I think there must have been some point in my life when my confidence was not tied directly to intoxication, there must have been, but I don’t remember it. I remember painful shyness in my childhood that I covered with what can only be called, in hindsight, bitchiness — I remember one summer before going away for a week of sleepaway camp (on a Salvation Army grant for poor kids) sitting down and planning out, in writing, exactly the persona I was going to affect so that the other girls would leave me alone.
Not, understand, because I wanted to be left alone, but because it was simpler to feel lonely than it was to try to make my personality, my brain, my experiences, accessible to other people. It was easier to reject ahead of time instead of risking rejection. I was so tired, so early in my life, of being called strange, ugly, weirdo, freak. I was tired of being mocked for having hand-me-down clothes and homemade toys, for my parents being older than those of my peers, for smelling like cowshit even though it wasn’t true, it was just something the village kids said about all the farm kids. I was tired of being called “Technical” and “Encyclopedia” for reading so much and for interrupting teachers to correct them or argue about finer points of their lessons. I was tired of being sneered at by girls because I was a tomboy, and being treated like one of the guys by boys whom I desperately wanted to notice that I was a girl.
by the time I smoked my first joint at 13, I was exhausted. I’d made friends with the bad kids because they at least came from the same poverty I did, and while they ragged on me a little for being smart, I believed it was more admiring than resentful. The weird shit that my brain came up with, that confused and upset other people, they just shrugged it off. It wasn’t a total acceptance, and it didn’t last, but it felt comfortable enough at the time. And by then, I had the answer.
If I was high, I could talk to people. If I was drunk, I could talk to people. I could ramble on about shit and people thought it was awesome. I could flirt with guys and even hook up with them. I started to be able to look in the mirror and see a pretty girl instead of the ugly thing I’d always been looking at. I had more confidence than I’d ever had in my life. And I didn’t spend every minute fucked up, but I knew it was an option, it was there as a parachute. If I got shaky, if I got worried about how a situation was going down, I could have a drink. I could have something stronger. Everything would be fine.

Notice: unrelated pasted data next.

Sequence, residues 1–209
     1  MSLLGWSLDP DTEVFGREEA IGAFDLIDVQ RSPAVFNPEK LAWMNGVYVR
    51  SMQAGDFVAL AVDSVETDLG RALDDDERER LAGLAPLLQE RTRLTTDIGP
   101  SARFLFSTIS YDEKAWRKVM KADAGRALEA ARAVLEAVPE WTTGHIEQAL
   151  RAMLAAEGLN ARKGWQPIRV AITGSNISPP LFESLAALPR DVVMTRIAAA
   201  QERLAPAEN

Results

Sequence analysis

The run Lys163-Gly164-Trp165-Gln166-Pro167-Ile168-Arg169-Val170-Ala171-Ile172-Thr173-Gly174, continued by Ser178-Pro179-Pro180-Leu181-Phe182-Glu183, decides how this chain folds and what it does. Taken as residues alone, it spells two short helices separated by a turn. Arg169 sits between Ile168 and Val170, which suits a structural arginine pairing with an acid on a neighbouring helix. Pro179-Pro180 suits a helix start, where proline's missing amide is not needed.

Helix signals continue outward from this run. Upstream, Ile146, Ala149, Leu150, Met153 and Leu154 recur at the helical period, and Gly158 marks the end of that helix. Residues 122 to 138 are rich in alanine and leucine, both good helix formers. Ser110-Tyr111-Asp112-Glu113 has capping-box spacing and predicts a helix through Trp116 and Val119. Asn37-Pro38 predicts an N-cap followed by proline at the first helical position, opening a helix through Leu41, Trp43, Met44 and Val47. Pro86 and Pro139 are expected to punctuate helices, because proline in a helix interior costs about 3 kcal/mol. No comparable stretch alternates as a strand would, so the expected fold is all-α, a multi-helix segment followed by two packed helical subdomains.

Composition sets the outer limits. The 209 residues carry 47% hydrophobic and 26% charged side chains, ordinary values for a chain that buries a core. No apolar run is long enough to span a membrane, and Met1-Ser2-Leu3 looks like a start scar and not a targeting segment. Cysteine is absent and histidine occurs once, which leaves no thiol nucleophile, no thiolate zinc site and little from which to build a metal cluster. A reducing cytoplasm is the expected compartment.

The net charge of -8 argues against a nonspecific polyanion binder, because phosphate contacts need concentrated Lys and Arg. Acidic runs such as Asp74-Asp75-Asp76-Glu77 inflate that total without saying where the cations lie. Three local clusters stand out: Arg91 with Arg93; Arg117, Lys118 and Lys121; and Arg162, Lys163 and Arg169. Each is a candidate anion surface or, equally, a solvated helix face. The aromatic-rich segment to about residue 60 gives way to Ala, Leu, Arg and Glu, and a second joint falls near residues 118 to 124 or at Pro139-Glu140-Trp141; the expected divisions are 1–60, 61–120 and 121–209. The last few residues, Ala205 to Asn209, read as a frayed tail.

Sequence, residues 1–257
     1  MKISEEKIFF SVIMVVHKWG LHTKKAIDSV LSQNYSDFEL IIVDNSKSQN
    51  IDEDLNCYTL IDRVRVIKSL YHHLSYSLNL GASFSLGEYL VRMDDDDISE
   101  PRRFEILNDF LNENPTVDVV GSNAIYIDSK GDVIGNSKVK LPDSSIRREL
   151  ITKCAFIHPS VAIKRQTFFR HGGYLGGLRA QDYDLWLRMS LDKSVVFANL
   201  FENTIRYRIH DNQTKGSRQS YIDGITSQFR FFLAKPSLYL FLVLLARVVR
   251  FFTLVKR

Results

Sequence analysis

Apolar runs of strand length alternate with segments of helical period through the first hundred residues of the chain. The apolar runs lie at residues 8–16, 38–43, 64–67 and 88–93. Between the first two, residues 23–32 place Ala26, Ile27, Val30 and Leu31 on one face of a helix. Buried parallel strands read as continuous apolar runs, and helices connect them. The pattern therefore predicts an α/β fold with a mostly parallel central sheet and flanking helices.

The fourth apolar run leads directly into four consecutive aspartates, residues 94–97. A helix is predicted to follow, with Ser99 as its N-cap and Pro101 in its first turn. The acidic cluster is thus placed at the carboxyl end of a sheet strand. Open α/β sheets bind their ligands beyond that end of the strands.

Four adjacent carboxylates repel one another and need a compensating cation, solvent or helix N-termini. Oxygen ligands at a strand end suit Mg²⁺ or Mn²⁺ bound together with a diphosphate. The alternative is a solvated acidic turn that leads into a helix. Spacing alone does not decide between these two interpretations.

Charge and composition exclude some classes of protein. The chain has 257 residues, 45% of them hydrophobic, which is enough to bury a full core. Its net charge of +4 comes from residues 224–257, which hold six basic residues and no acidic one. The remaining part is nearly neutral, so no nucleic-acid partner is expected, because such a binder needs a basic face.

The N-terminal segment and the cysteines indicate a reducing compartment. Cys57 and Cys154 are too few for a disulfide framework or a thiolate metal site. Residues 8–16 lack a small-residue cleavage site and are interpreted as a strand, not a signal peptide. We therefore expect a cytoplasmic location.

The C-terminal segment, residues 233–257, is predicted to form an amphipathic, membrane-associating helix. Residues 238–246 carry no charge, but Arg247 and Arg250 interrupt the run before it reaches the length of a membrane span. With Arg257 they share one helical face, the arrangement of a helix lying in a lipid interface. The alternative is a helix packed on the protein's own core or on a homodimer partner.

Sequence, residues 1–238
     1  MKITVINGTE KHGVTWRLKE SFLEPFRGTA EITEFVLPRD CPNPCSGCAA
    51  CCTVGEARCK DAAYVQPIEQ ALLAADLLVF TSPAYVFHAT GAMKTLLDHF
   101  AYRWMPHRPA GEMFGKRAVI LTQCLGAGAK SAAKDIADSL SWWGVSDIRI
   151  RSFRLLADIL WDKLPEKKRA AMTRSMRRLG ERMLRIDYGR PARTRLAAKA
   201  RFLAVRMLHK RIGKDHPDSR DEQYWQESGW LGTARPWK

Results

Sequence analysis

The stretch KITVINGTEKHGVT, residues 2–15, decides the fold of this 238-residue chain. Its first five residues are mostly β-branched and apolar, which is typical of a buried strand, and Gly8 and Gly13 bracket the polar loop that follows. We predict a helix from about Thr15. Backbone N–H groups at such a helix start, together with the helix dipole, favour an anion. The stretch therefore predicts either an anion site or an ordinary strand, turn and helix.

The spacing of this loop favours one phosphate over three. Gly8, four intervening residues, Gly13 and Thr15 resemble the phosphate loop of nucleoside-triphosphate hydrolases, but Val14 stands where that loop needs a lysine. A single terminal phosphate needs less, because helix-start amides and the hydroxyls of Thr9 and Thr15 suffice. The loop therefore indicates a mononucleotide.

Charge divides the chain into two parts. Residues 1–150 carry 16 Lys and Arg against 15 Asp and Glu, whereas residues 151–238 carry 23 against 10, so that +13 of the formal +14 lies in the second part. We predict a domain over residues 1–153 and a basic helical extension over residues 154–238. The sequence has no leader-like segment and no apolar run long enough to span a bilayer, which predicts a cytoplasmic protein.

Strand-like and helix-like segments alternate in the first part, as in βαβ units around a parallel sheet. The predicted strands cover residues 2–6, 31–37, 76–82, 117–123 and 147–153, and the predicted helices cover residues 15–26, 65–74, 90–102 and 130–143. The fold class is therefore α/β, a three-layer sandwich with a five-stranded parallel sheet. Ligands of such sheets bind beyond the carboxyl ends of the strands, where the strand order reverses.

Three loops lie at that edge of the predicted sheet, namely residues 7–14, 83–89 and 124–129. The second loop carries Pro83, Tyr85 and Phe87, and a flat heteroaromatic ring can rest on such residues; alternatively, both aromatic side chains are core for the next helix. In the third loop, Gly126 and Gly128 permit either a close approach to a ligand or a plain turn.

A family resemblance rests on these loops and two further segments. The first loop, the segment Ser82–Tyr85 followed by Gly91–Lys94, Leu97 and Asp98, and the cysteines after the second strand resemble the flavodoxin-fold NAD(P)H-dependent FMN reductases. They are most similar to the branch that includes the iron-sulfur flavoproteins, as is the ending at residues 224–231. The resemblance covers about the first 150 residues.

I gave up most, then all, of the other shit in my 20s, but I still had the drink. Don’t get me wrong, I loved to drink for drinking’s own sake, I loved to drink in celebration and in comfort and just sitting around the house, it wasn’t only a social crutch, but it was definitely that.
I need a drink.
Let’s get a drink.
Who wants a drink?
At one point some friends commented on how after a certain hour in any evening I turned into Peter O’Toole: drunkenly rakish and charming and a little bit mean. I thought that was the most fabulous compliment I’d ever been paid.
Oh, man, I was so fucking confident. I could go new places and meet new people, knowing there would almost assuredly be drinks available. I could have amazing conversations with strangers, I could be in the center of everything, at a bar or a club or a party. Drinks! With a glass in my hand, I could rule the world.
Tonight pretty much everyone I know is going to be at a brass band show out at Vaughn’s. It’s a benefit for the Juvenile Justice Project, and you should totally go. I told everybody I’d be there, but the doors opened 5 minutes ago and I’m still sitting on my couch in my underthings, curled up into a ball of nausea. My stomach’s a cold knot. I want to go hear the bands. I want to dance and see my friends.
I don’t need a drink.
I want a drink.
I can’t risk a drink.
I don’t have the confidence anymore. I never really did, of course, it was all a put on. I am scared to go to a place where I’ll have to have a social conversation, where I won’t have the time or space to ease into acquaintance. I’m scared to go into a situation where I’ll be offered alcohol and I’ll have to refuse, and then more than likely have to explain, because nobody ever accepts the answer “I don’t drink” gracefully, and talking about my addiction isn’t really fun for me.